Google is trying to crack down on untrusted extensions for its Chrome web browser. The Mountain View, California-based giant is now introducing a policy that will require data usage disclosures for extensions in the Chrome web store. The new policy will kick in from January 2021. According to the new policy, creators of Chrome extensions will have to explain the kind of data they are collecting such as sign-in details or personally identifiable information and how they will be using it.
Apart from disclosing how and what data they will use, Chrome extension makers will also have to promise to honour the new policy from Google, which bans them from selling data to third parties, using user data for something not related to the Chrome extension and relying on data for credit checks and moneylending. Google said that extension makers can start disclosing information starting right now, and it won’t be displayed on the Chrome Web Store until January 18 2021. Google also said that it will apply a notice to developers’ listings if they don’t make the disclosures by January 18.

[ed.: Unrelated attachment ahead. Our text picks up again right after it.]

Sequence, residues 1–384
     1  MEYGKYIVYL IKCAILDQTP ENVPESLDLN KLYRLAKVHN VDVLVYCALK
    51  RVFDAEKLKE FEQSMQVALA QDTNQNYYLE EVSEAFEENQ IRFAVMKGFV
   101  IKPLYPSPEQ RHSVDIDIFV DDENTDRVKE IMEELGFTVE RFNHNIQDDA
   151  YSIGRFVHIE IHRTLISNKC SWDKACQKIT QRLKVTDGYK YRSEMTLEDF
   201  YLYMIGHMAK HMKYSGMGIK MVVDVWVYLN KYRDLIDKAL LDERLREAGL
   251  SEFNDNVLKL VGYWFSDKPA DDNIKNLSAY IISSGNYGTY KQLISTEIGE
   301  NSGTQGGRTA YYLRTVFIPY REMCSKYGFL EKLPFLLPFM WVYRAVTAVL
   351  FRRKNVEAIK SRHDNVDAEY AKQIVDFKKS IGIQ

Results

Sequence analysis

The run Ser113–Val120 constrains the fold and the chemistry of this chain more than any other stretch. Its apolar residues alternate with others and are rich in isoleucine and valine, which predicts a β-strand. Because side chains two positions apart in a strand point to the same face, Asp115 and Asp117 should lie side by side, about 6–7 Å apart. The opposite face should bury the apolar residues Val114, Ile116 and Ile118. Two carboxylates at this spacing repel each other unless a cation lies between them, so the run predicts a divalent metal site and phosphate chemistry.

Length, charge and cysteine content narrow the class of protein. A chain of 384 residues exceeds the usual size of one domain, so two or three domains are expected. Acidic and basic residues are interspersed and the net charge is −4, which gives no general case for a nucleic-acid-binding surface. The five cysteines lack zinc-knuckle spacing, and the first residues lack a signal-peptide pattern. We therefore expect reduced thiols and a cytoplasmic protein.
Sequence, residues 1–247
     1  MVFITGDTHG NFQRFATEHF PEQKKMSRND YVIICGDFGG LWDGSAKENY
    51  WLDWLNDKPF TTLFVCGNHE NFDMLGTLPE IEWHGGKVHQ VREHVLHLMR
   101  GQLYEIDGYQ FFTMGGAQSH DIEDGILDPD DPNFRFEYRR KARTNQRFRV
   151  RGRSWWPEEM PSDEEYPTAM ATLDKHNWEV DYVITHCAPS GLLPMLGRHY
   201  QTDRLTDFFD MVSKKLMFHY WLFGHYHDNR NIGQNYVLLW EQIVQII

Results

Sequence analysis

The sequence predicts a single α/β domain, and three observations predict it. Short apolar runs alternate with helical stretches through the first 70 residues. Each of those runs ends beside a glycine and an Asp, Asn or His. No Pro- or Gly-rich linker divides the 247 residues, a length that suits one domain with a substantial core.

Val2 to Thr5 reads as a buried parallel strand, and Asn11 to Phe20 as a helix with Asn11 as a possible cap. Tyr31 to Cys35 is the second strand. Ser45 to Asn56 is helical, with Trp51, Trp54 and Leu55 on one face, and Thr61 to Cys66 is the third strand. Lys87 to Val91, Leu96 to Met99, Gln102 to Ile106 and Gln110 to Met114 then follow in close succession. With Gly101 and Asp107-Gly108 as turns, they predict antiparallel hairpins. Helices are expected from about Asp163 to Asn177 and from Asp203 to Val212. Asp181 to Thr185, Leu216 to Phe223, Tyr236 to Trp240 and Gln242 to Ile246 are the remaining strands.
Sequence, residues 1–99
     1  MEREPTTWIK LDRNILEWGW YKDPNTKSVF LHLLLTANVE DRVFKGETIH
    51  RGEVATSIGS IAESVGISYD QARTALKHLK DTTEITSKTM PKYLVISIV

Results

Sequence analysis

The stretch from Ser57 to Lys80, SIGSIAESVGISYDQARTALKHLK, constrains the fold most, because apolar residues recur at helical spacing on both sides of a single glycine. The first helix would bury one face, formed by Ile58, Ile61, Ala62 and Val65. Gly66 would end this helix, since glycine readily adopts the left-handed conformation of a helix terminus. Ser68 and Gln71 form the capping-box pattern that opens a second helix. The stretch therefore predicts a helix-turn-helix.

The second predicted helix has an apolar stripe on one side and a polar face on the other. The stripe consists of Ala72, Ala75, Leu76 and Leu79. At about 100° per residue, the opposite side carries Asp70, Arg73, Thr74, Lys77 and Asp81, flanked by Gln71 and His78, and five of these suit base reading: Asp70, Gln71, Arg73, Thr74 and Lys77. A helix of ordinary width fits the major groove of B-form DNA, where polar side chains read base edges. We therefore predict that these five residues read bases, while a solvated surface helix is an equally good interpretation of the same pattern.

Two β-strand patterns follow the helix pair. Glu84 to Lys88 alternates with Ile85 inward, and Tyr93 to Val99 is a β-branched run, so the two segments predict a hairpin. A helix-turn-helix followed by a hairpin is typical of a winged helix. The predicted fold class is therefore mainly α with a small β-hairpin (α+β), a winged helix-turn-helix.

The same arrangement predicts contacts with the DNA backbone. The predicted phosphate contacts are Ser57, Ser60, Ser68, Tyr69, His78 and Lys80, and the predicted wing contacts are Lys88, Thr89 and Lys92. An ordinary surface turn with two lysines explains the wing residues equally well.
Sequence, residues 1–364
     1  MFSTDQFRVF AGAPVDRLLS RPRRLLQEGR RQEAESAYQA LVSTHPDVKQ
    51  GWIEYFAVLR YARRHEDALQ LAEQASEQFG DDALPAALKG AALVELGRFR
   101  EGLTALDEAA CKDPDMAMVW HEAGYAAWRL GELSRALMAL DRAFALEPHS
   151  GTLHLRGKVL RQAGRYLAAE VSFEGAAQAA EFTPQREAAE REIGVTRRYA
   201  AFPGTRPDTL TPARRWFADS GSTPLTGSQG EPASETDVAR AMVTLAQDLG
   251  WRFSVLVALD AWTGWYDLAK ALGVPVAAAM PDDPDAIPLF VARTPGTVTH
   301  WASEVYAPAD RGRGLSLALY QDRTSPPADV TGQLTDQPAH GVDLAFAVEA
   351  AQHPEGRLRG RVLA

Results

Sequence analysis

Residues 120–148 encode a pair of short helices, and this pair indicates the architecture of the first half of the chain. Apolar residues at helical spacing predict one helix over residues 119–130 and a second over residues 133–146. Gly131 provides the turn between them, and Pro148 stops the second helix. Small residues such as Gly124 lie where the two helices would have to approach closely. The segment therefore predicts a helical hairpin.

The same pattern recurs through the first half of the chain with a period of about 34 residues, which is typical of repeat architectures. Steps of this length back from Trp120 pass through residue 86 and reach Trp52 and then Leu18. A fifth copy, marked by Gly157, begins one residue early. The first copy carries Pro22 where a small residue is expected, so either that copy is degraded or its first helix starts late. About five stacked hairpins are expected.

Google recently published its last big update of 2020 for Chrome. The new update brought the biggest performance in Chrome in years. Google said that the new browser reduces CPU usage by up to 5 times and extends battery life by about 1.25 hours. Further, Chrome is claimed to load up to 25 percent faster and load pages up to 7 percent faster with the latest update, using less RAM and power than before. Apart from the power and performance optimisation, the latest Chrome update brought other features like tab search, new functionalities to the address bar, and Cards to Google’s web browser.